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Times of Israel: BGU & MIT Create Program for Bedouin Youth

Times of Israel: BGU & MIT Create Program for Bedouin Youth

September 22, 2022

Negev Development & Community Programs

The Times of Israel — Over a dozen youths complete a five-week tech program for the Bedouin community, backed by MIT and Ben-Gurion University.

Bedouin Students, MIT, Siraj

Participants from the “Digital Tent” program, a joint MIT, Ben-Gurion University and Siraj collaboration. (Photo Credit: The Times of Israel)

A minority within a minority, Bedouin communities are among the most disadvantaged groups in the country, and suffer from a chronic lack of infrastructure like water systems, electricity grids, and roads, have inadequate access to quality education and healthcare, and often rank low on socio-economic scales among Israeli localities. Most live in the Negev area in a mix of towns and villages, some of them unrecognized by the state. A scathing State Comptroller report released last year said Bedouin communities in the south live with a shocking lack of services and governance and blamed the state, in part.

Over a dozen Bedouin teens were selected for the five-week boot camp, dubbed “Digital Tent,” a collaboration between the Massachusetts Institute of Technology, Ben-Gurion University of the Negev, and Siraj, a non-profit organization dedicated to integrating members of the Bedouin community into Israel’s celebrated high-tech sector. The program worked with 17 Bedouin teenagers and youths, aged 16-20, who were screened for their mathematical abilities and entrepreneurial skills. They took classes on programming languages, project management, and product management and were led by a London-based, MIT computer science graduate who is currently working at Ben-Gurion University’s urban planning laboratory.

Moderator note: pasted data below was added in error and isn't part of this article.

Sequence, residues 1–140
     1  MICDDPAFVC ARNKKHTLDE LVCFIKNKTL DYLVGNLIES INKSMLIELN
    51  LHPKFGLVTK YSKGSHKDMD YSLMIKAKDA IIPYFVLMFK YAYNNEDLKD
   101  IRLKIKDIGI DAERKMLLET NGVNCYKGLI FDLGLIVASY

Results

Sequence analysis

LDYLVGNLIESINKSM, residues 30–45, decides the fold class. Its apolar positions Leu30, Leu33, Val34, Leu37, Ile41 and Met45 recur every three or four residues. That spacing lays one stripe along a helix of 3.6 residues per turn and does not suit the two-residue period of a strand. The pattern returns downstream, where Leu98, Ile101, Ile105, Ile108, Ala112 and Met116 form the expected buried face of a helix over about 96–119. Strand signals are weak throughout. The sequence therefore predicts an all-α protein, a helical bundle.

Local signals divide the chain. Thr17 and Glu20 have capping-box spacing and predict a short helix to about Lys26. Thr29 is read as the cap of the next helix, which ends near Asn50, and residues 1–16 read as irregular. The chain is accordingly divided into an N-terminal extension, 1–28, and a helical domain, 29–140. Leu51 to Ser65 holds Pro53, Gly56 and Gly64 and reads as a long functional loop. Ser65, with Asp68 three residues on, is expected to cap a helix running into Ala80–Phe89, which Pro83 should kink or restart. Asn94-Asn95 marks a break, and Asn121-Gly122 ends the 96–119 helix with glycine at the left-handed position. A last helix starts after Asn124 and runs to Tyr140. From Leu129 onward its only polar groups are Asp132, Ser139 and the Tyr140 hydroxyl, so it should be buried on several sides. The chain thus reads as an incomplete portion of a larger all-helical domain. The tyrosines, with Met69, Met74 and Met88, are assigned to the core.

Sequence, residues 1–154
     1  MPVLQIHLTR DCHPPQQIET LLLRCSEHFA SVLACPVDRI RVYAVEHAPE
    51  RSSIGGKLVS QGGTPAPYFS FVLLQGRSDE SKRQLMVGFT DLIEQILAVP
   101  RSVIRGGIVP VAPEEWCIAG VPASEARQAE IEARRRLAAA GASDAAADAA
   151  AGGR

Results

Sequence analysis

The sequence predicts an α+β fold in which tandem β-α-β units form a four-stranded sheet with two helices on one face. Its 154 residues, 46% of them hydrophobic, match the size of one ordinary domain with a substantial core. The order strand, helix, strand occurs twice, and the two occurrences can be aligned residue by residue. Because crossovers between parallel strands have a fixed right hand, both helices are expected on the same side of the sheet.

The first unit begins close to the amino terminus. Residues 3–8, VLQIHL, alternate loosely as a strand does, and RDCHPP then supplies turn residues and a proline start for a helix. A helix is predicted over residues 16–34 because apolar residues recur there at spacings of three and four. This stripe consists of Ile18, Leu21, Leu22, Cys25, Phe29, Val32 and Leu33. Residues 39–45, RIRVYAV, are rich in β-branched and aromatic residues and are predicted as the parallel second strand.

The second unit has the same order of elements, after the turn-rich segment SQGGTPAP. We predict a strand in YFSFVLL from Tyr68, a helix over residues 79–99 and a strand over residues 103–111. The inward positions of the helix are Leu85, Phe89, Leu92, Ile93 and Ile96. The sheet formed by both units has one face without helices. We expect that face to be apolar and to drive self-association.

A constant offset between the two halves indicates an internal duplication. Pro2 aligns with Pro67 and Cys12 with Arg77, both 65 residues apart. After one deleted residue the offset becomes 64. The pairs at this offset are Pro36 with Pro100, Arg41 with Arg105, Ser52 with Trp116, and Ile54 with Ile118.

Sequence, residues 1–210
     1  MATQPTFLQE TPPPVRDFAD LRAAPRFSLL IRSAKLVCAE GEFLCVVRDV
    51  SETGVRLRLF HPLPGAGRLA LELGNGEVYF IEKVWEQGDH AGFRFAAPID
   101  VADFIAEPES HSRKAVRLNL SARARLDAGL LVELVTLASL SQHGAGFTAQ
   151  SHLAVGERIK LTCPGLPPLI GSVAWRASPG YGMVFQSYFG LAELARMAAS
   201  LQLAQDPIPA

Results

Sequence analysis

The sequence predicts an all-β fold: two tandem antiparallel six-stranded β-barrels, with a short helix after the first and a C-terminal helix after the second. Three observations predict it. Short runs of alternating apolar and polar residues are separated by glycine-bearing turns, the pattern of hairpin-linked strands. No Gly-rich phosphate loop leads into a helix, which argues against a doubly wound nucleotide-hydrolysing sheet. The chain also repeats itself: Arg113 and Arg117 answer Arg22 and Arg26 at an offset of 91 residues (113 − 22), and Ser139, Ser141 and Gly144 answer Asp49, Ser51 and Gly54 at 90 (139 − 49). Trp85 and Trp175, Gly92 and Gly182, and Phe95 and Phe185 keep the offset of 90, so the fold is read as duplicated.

Their mission, over the five-week camp, was to develop products or services that would serve their Negev communities. Among the stand-out ventures developed by the participants and shared with The Times of Israel was a bus transportation app for school pupils that would work in recognized and unrecognized Bedouin villages (where public transport apps do not work). It was modeled after Moovit, the Israeli developer of a free app that offers public transportation schedules and transit options, and was acquired by Intel for some $900 million in 2020.

Dubbed the “Bedouin Moovit” by the program, the idea was developed by 16-year-old Furat Albador, a resident of the Bedouin town of Lakiya, who said she joined the summer camp to address a major problem in her community. “Sometimes you wait for the [bus] ride for two minutes and sometimes an hour and a half, and it’s never possible to plan. The usual apps don’t work in our area, so it’s impossible to know when the bus will arrive. It got to the point where we call our teachers to come pick us up with their private car,” said Albador. Her app maps school buses serving Bedouin communities based on GPS technology.

Another program participant, 18-year-old Mahmoud Abu-Ganim, also of Lakiya, developed a small device that can be attached to footwear to help warn blind and visually impaired people of obstacles in their path through vibrations. “I think this is a development that can greatly help those in need in society. My dream is to learn and improve throughout life, to become a professional and an expert in everything I do,” said Abu-Ganim, who started learning to code at around 11 years old. “From the 6th grade, I taught myself to program and even managed to earn money from my knowledge. I knew that this program could help me open doors for the future,” he said.

Others, like Rahat-resident Hadil Abu Ajami, 18, joined the program with minimal tech knowledge. “In Bedouin society, not everyone has widespread access to computers, and it is important to understand that such access can change the face of the entire community,” she said. “From a young age, I have been drawn to computers. Unfortunately, in my high school, I did not have the opportunity to major in computer science, but instead, there were physics and electronics majors.” She said the program exposed her “to programming languages, to hardware, and to wonderful people. I realized that I have a true passion for high-tech professions.”

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